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Sound Solutions to Aircraft Noise

By John Stewart

During my 20 years chairing HACAN, the organisation which gives a voice to residents under the Heathrow flight paths, I was always keen to look for solutions.
Noise was by some distance the biggest problem residents faced. In this blog I outline 7 key measures to deal with aircraft noise.

When aircraft noise disturbs, it can really disturb. The World Health Organisation has shown that only wind turbine noise annoys so many people at lower levels. Of course not everybody is disturbed by the noise. The statistics show that even at high noise volumes, a lot of people are not worried by the noise. This seems particularly to be the case when a person is born and brought under the flight path. I’ve spoken to people who have lived within couple of miles from Heathrow all their lives who tell me they are barely aware of the planes flying overhead.
So, how to we deal with noise?

  1. Research and development into quieter aircraft. Aircraft are a lot less noisy than they were 40 years ago. But in the coming years an annual reduction of only 0.1% is expected in noise from aircraft coming on-stream. The technology is not on the horizon for planes to get significantly quieter anytime soon. Meaningful resources need to be put into research and development into quieter planes by both the industry and governments. And this R&D should not take second place to the development of planes which emit less CO2.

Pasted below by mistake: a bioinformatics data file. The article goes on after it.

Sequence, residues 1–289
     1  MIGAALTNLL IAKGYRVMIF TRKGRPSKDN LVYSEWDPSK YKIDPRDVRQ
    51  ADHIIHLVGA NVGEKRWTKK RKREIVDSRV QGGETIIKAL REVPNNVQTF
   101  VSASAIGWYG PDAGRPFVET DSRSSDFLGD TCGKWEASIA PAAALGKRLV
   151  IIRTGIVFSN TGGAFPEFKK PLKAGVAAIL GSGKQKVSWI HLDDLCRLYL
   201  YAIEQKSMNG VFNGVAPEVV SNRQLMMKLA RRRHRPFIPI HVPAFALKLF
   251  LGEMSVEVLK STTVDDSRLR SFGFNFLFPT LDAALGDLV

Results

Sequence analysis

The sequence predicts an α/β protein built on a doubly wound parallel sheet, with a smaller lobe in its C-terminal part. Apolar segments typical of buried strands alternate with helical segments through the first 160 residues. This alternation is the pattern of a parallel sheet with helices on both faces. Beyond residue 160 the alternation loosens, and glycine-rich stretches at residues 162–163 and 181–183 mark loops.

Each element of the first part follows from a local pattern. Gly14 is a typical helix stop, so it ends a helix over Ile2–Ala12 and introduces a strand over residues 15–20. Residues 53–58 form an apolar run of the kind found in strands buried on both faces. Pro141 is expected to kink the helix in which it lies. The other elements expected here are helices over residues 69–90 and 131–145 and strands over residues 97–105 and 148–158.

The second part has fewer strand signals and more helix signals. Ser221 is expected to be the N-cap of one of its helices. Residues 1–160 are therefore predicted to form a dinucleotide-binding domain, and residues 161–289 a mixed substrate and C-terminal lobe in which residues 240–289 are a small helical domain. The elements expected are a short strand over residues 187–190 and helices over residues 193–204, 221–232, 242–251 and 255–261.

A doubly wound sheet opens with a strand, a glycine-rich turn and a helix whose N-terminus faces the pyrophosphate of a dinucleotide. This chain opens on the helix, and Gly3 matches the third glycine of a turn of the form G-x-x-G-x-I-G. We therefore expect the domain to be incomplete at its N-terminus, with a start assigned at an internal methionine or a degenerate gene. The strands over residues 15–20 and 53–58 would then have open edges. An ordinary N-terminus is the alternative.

2. Build new airports well away from centres of population. It is interesting there are few noise complaints about the main airports in the Scandinavian countries. They are located well outside the towns and cities. It is not always possible to relocate existing airports but there are lessons here for the emerging economies as they build new airports. (Wherever an airport is built, people who lose their homes or land should be generously compensated).
  3. Encourage quieter alternatives to air travel where feasible. Aviation does long-distance journeys well but, if rail became more viable for shorter journeys, it opens up the possibility of managing or even reducing flight numbers over communities (which is what they want above all else).
  4. Share the noise around. Except for areas under the final approach to a runway, it is perfectly possible to use new technology to create multiple flight paths and to rotate them so as to give residents a break from the noise each day. In my experience, communities are much less interested in how many runways an airport has than in how many planes fly over their homes. These days it is the volume of aircraft passing overhead rather than the noise of each plane that is the biggest cause of disturbance. This sort of respite should also be a no-brainer for the industry. It allows it to expand while limiting flight numbers over most communities.
  5. Limit night flights. The European Union published a report which showed that, world-wide, most night flights were operated for the convenience of the airlines, rather than because they were essential (1). Night flying should become the exception.
  6. Provide generous compensation and mitigation. Communities under flight paths should expect money to pay for effective sound insulation measures. People who lose their homes or who see them devalued in price should be properly compensated.
  7. Ensure best operational procedures are followed. The steepness of the descent or ascent is important for communities as are measures such as the point aircraft coming into land lower their landing gear.

These measures would quite noticeably lower the impact of noise without harming an important industry.

References:
(1). Assessing the Economic Cost of Night Flight Restrictions, European Commission 2005.